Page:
I’ve always thought of myself as a natural problem-solver. Give me the information and I can sort through it quickly, find the important bits, and come up with a plan. It’s one of my skills.
Sometimes it drives my husband up the wall. He will have been doing something for ages, I walk in, look at all the parts, put them together in every way imaginable, and a second after seeing it all for the first time say, “Why are you doing it like that? Just put that bit in there.”
He is often surprised by how much I can think in a small space of time. When he turns to me and says, “What’re you thinking?” It’s rarely a short answer. A long train of thought triggered by a bird flying past the window, and culminating in the evolution of the backbone, with every logical step for every tangent inbetween, can be a bit overwhelming. It’s how I think all the time. I am always making connections.
But is it something I do naturally? Is it an intrinsic part of my brain, or is it something I have developed over the years?
Brain-training is a real thing. The more we exercise our brains in certain ways, the better they are at doing things. Maths skills are not a set thing. The more you practise the better you get, the faster the synapsis fire, the clearer it becomes.
The way the brain of someone who is deaf develops, is fascinating (Interesting article Here) The parts usually used for hearing are given over to other senses; sight, touch.
I can look back at young me, before I was fully formed, and I can see two clear driving forces; anger and logic. The anger was there because the world isn’t logical, and confusion and uncertainty breeds anger.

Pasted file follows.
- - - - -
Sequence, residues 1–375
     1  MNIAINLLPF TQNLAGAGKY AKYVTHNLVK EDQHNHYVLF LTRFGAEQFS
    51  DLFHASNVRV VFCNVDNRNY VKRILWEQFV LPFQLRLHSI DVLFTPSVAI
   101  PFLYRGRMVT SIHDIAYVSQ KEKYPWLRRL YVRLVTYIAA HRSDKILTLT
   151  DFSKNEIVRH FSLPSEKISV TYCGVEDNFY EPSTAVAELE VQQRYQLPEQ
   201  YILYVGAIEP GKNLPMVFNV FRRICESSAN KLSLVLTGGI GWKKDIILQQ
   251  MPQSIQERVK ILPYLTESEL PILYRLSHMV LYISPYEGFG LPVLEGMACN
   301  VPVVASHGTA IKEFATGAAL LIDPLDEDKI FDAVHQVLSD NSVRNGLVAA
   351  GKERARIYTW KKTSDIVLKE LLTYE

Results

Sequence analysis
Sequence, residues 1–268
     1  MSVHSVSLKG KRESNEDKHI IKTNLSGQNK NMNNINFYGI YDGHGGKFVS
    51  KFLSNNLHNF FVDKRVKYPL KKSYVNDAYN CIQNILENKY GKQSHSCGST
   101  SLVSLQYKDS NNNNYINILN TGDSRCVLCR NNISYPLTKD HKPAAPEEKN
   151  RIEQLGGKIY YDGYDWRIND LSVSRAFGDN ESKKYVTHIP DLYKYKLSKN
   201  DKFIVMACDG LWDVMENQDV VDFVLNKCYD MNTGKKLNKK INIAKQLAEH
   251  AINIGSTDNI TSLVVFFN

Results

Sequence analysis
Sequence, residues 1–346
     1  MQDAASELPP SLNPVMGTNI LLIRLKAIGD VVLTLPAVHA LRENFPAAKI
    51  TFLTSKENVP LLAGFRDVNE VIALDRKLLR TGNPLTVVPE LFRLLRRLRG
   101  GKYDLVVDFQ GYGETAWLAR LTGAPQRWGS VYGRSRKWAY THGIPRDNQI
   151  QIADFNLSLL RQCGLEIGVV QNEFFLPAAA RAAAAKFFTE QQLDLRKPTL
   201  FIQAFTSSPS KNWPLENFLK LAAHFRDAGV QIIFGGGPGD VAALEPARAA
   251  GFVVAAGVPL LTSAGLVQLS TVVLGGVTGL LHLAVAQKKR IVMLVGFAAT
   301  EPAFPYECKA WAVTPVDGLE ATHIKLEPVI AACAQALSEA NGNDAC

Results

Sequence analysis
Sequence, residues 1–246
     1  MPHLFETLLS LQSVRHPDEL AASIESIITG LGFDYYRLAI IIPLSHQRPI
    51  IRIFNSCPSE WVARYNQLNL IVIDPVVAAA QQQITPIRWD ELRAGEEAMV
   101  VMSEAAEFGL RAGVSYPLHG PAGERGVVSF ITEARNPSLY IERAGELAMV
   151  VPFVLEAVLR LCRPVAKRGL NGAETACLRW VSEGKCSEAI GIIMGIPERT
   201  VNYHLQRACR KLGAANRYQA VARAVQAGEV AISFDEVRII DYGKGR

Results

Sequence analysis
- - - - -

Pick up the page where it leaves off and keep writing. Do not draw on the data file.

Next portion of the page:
Logic. Logic is key. Logic is my driver, it’s my friend. It’s how I put the information together, it’s what leads me down my tangential narratives. Logic is who I am. There is a reason for everything I do if you look hard enough.
Where is problem solving in all this? Well, it could have been there all along. It could be that the problems of childhood didn’t take as much solving.
But this autistic brain of mine could have created my skill. Perhaps it is not intrinsic to my autism, perhaps it is that my autism meant I had to get good at problem solving. It meant I trained daily.
Every day my brain presents me with huge amounts of information to sift through. It does not give me answers to questions, it gives me data. Over and over and over again I am required to work out meaningful information from irrelevant data. I am required to problem solve each and every encounter, each and every situation. I am not a natural. I do not have a brain that says “This is how you socialise” I have a brain that says “The electric light is humming, there is traffic noise outside, someone is talking next door, there is birdsong that you recognise (blackbird), there are seven irregular square shapes on the wall opposite you (one is a window, there is irregular movement outside), the person you do not know in front of you has said, “hello”, they are smiling, their arms are crossed, they are frowning too, work out how they feel before you respond or it is less likely to be correct, the floor has faded parts where people walk, the ceiling is cracked in places, the lights are fluorescent and make everything a bit wrong, the air smells musty, there is a lingering smell of perfume that tastes sickly, the arms of my top are scratching against me, and on and on and on.” All presented equally, all handed to me with equal focus and importance.